The council has rejected plans to close nine primaries and last week the 13-strong SNP group dismissed any thoughts of closing the four-year secondary at Tomintoul after strong parental and community opposition.
Each pupil costs around Pounds 8,000 to educate and the school roll is only 17 per cent of capacity, but Mrs Howe denied the council had ducked a difficult decision. "It's taken more bottle to tell the Scottish Office to get lost, " she said.
The party was protecting a rural community and its economic viability and if the Government wanted to do the "dirty" on schools like Tomintoul it should do it itself.
Andrew Welsh, the SNP's parliamentary spokesman on education, only two weeks ago restated its commitment to keeping schools open wherever possible, although two small primaries in rural Angus were closed over the summer. Brian Milne, education convener in Angus, admitted a number of other schools were "educationally on the borderline" but said the savings from closure were minimal.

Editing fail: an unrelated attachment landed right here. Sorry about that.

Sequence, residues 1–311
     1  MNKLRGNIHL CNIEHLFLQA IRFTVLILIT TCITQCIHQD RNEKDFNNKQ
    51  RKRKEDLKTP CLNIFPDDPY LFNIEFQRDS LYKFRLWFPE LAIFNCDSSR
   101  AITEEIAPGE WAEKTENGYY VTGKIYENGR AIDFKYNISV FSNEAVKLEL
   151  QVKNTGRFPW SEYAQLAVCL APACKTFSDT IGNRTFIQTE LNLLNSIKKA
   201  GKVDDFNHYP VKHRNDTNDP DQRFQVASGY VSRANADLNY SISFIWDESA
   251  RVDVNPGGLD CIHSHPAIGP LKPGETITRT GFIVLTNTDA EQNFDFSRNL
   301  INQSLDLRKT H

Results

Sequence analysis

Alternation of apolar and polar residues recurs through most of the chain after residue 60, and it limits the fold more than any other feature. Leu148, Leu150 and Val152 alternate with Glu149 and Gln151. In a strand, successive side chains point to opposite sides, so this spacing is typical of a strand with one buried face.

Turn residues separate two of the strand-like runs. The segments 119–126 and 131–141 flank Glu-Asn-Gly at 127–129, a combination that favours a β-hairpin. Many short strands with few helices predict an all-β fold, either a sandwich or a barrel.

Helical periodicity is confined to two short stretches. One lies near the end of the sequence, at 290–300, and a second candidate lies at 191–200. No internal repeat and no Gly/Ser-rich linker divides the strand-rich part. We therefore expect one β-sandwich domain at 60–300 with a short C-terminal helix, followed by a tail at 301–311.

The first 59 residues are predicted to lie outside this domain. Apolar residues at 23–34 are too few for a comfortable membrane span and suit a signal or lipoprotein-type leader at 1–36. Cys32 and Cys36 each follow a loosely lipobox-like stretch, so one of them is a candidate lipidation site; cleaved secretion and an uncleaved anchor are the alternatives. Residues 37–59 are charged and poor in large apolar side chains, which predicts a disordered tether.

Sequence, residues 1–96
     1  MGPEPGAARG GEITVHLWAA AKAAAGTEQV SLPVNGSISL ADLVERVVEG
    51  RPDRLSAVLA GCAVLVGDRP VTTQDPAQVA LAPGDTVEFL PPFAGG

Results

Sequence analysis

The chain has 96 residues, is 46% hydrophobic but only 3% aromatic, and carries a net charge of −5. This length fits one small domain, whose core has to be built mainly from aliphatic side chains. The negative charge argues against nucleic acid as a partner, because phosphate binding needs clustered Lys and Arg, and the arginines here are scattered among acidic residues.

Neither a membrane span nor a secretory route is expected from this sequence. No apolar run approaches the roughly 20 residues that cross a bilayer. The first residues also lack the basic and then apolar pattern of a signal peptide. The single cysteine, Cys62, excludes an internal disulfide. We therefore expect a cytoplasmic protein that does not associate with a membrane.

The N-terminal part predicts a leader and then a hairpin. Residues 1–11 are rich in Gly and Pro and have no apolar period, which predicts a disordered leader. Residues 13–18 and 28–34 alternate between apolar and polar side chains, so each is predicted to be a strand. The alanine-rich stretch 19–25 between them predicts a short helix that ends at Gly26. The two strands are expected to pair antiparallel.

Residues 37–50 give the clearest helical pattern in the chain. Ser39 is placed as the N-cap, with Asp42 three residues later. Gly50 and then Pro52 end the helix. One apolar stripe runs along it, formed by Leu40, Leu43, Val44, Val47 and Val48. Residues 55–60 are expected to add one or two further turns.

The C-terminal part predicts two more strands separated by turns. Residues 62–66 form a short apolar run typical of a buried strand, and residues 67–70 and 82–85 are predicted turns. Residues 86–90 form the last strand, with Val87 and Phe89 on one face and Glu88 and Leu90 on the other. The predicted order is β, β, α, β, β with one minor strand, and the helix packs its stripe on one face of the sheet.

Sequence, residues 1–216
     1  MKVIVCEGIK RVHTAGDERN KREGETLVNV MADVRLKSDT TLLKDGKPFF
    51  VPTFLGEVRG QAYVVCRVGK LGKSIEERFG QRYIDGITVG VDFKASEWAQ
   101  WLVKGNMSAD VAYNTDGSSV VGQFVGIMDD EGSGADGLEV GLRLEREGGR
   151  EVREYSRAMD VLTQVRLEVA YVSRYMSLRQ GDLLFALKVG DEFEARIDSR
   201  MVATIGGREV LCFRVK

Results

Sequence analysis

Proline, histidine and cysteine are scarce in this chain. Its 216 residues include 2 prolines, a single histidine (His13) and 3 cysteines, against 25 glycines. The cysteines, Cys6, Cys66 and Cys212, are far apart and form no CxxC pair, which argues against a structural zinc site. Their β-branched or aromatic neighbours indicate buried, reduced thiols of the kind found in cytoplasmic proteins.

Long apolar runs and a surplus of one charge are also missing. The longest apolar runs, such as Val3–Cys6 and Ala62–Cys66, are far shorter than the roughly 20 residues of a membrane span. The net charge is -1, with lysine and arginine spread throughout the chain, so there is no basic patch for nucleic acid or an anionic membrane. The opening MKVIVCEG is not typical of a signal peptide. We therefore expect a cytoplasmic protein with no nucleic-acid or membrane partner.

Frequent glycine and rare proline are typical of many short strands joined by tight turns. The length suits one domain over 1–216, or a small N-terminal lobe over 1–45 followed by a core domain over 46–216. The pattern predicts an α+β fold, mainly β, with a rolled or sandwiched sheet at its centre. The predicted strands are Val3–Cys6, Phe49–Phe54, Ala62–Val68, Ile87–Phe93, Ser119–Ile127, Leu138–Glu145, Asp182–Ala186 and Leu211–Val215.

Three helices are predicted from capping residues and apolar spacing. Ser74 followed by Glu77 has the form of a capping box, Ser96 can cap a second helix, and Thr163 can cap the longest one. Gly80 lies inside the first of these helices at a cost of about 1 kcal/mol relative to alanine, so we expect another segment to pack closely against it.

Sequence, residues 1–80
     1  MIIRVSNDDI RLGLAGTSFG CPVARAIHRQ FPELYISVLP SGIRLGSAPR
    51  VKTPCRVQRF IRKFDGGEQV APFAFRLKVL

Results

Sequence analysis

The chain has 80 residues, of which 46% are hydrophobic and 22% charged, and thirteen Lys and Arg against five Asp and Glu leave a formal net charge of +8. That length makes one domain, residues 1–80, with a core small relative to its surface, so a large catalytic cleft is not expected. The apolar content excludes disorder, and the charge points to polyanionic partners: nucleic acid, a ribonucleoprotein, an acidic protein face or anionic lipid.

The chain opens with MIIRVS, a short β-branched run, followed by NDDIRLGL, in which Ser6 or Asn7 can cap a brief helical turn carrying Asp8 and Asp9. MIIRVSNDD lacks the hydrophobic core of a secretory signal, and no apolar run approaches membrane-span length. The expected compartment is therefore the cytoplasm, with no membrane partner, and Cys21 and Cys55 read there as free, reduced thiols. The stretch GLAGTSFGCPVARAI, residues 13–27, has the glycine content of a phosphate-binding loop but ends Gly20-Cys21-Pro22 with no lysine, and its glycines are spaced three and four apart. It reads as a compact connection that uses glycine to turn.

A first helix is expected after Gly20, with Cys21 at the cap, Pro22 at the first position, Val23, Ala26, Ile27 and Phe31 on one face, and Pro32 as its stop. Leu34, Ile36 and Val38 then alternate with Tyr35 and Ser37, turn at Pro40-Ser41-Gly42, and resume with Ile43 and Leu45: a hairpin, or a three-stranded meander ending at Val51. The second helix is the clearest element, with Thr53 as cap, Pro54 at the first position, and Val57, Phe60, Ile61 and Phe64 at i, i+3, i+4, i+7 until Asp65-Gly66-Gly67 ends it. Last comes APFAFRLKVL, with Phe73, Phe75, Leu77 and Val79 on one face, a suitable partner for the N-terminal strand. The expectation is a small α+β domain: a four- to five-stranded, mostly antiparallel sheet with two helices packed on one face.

Mrs Howe and Janet Law, Perth and Kinross education convener and national education spokesperson, say that SNP councils have deliberately set out to consult with parents and the wider public.
Mrs Howe maintains there are educational reasons for keeping Tomintoul open, "although we are not blinkered to the fact that it does cost". Transport for younger children was a key consideration given the alternative of 50-minute journeys to Speyside High.
Last week at Forres Academy, Mrs Howe was explaining to parents how budget difficulties would hit the education authority. "We were telling parents now before it happens. They accepted there would be cuts, but they said, 'please don't touch our teachers'," she said.
Mrs Law added: "We are kidding people if the public is not aware of the problems coming up. It is going to be a very severe test of our model of openness."